It’s been a tense few days for Silbury Hill, and the rain to come gives no respite.
On the 26th, English Heritage halted all works, due to instability above the Atkinson Chamber (the improperly refilled 1968 televised intrusion from the roadside), “which has also been exacerbated by the volume of rainfall”.
Posting a statement to their weekly updates section, there was no word on just how much instability there was, and rumours began to spread about a ‘catastrophic internal collapse’.
A local radio station picked it up, but on ringing the BBC in the region on Thursday evening, they’d had no word. By morning, and another phone call, BBC Radio Wiltshire we’re investigating and had a statement from English Heritage. Sadly I missed this, and ended up ringing English Heritage myself.
All work had stopped because Skanska’s original (and admirable) plan of not introducing any more modern intrusion than was necessary by using Atkinson’s own tunnel supports was no longer workable. There had been an internal collapse in the earlier, vertical shaft (re-opened in 2001 and had been temporarily filled) and the surface of these tunnels was now so waterlogged that there was lots of loose material. Safety concerns preventing access, it was impossible to judge the extent of the danger the Hill was in.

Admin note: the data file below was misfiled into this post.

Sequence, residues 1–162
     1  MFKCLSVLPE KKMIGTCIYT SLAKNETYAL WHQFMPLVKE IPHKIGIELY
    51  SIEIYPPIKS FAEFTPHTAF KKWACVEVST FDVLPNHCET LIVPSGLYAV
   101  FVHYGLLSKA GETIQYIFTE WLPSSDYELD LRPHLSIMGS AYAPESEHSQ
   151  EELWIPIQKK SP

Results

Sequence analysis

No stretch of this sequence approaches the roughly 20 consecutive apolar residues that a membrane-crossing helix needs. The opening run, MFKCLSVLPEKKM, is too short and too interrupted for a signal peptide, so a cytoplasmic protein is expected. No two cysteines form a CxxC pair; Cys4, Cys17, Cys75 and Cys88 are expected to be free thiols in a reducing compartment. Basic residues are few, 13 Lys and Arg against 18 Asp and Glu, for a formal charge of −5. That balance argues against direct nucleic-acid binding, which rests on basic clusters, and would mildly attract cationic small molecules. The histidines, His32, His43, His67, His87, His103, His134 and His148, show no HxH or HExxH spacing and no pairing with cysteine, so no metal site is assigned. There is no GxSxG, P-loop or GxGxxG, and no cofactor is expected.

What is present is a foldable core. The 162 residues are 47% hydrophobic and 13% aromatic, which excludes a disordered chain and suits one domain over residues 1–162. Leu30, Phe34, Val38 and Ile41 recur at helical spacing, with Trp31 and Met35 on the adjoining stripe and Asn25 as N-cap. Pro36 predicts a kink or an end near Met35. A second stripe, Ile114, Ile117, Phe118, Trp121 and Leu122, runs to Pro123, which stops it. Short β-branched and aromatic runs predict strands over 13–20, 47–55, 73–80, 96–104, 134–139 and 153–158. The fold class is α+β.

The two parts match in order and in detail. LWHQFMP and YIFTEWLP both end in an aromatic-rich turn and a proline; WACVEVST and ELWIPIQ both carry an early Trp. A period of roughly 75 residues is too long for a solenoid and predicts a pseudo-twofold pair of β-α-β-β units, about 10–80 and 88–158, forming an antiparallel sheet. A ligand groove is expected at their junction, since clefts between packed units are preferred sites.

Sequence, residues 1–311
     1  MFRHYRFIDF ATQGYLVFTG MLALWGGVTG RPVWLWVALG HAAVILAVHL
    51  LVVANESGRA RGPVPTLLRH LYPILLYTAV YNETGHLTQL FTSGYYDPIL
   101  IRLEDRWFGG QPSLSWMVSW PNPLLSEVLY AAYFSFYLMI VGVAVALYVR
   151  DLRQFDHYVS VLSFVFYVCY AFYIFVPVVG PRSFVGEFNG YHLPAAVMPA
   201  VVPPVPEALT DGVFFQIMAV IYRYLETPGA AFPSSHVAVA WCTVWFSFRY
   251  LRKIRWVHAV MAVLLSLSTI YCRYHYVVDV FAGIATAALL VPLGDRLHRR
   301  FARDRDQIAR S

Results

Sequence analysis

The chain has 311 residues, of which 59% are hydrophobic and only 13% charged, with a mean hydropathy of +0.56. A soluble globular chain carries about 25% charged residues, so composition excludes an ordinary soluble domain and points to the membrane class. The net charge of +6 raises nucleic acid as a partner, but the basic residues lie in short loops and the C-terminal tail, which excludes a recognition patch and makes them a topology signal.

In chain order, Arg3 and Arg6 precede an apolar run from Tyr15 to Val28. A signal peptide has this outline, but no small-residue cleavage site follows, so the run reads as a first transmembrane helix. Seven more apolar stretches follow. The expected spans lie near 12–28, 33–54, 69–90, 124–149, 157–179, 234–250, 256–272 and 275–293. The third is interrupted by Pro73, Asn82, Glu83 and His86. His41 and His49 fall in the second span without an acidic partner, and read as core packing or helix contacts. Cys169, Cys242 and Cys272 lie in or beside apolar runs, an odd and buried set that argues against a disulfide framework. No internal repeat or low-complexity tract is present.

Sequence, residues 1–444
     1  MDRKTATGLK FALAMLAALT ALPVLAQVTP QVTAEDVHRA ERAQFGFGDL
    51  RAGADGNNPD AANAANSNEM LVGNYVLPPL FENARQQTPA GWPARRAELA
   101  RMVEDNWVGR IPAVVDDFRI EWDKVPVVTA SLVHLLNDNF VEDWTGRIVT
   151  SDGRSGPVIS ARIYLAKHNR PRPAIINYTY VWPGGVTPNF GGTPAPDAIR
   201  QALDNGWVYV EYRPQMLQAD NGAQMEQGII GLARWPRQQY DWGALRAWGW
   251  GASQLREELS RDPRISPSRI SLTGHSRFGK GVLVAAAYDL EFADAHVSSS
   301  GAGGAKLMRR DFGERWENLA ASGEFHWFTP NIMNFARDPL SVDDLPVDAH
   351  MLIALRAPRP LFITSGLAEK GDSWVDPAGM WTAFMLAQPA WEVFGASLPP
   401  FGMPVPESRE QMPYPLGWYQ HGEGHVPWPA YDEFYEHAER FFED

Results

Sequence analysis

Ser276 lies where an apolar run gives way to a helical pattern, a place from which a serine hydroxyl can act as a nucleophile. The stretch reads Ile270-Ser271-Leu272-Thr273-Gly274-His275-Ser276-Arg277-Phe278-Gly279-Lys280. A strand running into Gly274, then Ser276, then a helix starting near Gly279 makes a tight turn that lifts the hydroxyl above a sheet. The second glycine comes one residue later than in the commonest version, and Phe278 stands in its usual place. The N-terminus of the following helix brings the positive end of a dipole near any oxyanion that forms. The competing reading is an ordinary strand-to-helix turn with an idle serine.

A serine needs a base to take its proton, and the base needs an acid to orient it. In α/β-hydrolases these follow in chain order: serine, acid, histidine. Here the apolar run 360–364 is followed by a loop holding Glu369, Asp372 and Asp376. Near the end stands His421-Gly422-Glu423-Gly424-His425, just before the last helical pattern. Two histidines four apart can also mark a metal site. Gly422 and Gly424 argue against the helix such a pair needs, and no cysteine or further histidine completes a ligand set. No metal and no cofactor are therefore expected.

A new working plan had already been devised by Rob Harding by Friday when I spoke to him (I gather he gave the statement to the BBC, but was more than willing to give me all the detail on the situation again when I rang, for which I am thoroughly grateful), and it is hoped this can begin to be implemented next week. The costs and duration much expanded by the additional works.
More information can be found at the Excavation diary on the Avebury Lodge website, EH’s own pages, and many of the news agencies have now picked up on this story, The BBC posted this on Friday after the interviews and the Guardian covered it on the same day.
Silbury still stands and fingers-crossed the rains will abate and work will continue, The situation for the Dinedor Serpent is not so certain.